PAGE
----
Playing With Food and Fire

Roaring flames, glowing coals and piping hot metal tongs – these things are no longer limited to the domain of weekend campers or the token guy manning backyard barbeques on hot summer days. Increasingly, we’re seeing classically-trained chefs in city restaurants incorporating the age-old technique of cooking over blazing fire into their repertoires – and it seems like a trend that isn’t going to be extinguished any time soon.

Casual eateries boasting rustic wood fire ovens are now commonplace around Australia as are high-end establishments providing their own spin on wood-fired cuisine – think Sanctuary Cove’s Fireplace Restaurant who specialise in provincial-style wood-fired cuisine with dishes such as fire-roasted fish with prawn roulade and wagyu rump steaks grilled on a bed of fiery coals.

Playing With Food and Fire

Meanwhile, Perth-raised chef David Pynt has ignited fervour in the Singapore dining scene with his gourmet wood fire barbeque restaurant Burnt Ends, cheekily named after the flavourful pieces of darken meat from the pointy half of a barbequed brisket. Closer to home, Chef Lennox Hastie (formerly of Spain’s Etxebarri) has recently launched Firedoor in Surry Hills where the menu focuses on using wood, coal and fire to enhance the natural characteristics of every ingredient used for each dish. Given that bookings at Firedoor are said to be harder to come by than a scorching heatwave in winter, it looks like we just can’t get enough of fired up food.

Playing With Food and Fire

So, why is fire cooking creating proverbial fireworks in restaurant kitchens all over? Firstly, this cooking technique allows chefs to keep things simple in the kitchen by doing away with pricey equipment and complicated gadgetry to create dishes filled with a greater depth of flavour that is hard to achieve using mainstream cooking methods such as pan-frying, grilling or even oven-roasting. The method allows dishes to develop deep smoky flavours and woody aromas, with the ingredients’ natural flavours shining through. Secondly, the soaring hot temperatures mean that chefs can sear meat more quickly and efficiently than if they had used a pan on a gas stove.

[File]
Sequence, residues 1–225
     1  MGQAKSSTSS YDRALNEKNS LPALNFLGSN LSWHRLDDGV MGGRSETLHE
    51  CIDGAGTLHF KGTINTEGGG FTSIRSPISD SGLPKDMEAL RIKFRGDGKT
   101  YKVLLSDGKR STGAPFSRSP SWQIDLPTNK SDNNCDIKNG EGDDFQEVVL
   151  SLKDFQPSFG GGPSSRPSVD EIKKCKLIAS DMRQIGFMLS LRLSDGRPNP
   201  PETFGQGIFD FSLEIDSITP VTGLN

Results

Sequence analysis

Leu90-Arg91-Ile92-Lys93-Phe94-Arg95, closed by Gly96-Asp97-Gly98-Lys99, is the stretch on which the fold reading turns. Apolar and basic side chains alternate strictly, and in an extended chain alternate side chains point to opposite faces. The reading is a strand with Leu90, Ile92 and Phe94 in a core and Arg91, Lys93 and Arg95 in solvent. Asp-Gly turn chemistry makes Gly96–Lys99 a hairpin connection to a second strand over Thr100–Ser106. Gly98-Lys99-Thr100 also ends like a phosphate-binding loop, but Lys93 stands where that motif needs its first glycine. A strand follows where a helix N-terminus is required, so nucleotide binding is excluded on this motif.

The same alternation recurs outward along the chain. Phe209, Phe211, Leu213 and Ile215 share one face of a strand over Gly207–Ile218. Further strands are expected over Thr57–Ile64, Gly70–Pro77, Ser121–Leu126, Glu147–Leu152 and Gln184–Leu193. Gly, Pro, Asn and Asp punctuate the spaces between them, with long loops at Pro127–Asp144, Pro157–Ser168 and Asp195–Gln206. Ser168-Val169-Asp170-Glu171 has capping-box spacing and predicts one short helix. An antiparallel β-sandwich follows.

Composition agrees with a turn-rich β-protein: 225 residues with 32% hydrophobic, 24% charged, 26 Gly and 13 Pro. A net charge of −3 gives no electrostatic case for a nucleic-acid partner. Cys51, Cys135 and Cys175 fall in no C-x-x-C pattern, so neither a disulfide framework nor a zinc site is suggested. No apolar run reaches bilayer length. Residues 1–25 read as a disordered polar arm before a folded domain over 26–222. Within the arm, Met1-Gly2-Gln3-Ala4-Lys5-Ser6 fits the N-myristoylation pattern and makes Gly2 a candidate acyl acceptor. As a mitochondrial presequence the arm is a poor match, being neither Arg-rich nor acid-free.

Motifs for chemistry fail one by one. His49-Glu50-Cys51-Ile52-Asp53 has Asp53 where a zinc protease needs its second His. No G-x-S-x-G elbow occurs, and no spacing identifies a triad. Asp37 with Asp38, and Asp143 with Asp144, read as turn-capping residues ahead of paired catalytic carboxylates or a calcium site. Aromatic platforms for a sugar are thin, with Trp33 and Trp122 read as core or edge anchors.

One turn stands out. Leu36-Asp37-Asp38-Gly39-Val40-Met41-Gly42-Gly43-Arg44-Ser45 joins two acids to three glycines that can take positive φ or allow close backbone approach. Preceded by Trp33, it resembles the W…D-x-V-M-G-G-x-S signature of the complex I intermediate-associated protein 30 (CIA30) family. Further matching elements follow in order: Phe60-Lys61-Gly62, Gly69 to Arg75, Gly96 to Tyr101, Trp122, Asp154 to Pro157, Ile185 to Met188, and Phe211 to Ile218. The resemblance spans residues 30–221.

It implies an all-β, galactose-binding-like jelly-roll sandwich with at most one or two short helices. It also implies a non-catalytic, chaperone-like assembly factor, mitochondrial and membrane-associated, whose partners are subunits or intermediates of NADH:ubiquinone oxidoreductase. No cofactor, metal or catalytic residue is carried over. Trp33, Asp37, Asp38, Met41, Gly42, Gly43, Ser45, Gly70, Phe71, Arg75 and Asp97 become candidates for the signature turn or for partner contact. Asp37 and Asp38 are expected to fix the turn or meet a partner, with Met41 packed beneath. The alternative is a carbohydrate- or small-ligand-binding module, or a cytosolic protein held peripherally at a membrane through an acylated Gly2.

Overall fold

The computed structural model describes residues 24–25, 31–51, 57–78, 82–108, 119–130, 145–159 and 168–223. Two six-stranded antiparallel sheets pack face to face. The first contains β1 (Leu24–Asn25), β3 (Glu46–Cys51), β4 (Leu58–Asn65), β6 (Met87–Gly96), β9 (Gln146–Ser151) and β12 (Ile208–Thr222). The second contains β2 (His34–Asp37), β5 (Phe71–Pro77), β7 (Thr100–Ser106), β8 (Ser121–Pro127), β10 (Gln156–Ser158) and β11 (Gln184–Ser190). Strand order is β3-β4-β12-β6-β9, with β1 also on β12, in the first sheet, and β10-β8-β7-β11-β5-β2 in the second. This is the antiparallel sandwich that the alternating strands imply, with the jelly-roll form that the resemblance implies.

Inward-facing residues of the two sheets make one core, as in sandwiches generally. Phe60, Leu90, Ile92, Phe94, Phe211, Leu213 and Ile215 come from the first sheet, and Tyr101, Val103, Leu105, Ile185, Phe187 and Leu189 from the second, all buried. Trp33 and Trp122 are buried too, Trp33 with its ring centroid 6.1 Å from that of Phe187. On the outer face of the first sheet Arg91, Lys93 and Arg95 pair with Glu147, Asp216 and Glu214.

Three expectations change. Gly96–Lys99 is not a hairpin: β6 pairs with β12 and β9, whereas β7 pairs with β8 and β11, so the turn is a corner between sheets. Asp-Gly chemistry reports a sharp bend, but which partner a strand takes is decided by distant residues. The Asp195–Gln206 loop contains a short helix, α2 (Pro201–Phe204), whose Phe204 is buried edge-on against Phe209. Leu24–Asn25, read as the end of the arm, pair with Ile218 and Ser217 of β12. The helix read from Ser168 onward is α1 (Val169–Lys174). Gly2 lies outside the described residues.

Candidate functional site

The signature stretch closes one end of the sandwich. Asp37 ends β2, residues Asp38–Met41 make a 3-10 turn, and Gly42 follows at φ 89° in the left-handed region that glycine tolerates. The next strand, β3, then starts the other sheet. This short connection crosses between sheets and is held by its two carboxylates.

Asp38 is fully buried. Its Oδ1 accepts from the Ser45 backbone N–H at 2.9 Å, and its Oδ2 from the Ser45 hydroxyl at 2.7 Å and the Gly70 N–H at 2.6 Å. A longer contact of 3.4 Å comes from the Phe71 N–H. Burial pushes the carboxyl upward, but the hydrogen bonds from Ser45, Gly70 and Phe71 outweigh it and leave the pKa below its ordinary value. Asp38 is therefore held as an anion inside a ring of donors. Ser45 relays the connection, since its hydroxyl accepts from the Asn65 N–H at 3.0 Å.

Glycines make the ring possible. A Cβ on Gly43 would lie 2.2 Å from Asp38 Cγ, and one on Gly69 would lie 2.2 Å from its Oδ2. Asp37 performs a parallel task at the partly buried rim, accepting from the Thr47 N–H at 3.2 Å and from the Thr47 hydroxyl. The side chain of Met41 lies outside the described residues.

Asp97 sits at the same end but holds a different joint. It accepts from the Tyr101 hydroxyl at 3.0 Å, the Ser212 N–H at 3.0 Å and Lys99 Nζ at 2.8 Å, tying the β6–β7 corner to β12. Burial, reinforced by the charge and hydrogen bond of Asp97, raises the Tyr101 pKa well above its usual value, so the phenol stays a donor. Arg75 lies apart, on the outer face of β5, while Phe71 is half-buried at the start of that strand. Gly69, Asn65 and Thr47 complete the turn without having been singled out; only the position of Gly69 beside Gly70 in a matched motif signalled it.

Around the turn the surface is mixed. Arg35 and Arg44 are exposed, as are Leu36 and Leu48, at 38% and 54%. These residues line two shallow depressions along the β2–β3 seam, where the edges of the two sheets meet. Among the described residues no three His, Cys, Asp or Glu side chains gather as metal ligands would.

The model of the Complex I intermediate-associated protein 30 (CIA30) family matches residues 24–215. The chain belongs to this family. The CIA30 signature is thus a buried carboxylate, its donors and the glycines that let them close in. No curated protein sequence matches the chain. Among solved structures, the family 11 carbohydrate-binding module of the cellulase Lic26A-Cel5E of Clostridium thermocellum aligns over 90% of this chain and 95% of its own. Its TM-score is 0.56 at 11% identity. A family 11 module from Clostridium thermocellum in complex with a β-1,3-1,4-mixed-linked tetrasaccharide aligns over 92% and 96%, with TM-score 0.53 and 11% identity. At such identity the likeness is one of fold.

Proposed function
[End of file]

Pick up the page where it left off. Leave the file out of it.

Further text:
Even humble vegetables are given new life after a stint through fire and smoke; the likes of cabbage leaves and cauliflower heads are given a crisp veil of texture and smokiness, making them side dishes worth splurging on. Moreover, naturally earthy vegetables such as mushrooms equally benefit with an added flavour boost by spending time amongst naked flames.

Wood fire cooking, however, it isn’t easy to master. For one thing, it’s very difficult to control the heat – unlike stovetop cooking, there is no dial that you can turn up or down to adjust the temperature. Other variables also affect the way in which a dish will taste – for example, how successful your mesquite wood fired baby back ribs will turn out may depend on the air temperature, humidity, how moist or dry the wood is, or a combination of all those factors.

The beauty about wood fire cooking, though, is that there will always be new ways to experiment with the method and new flavour combinations to discover. Ultimately, this trend is likely to see more creative dishes being presented to diners with appetites to burn – and that can only be a good thing.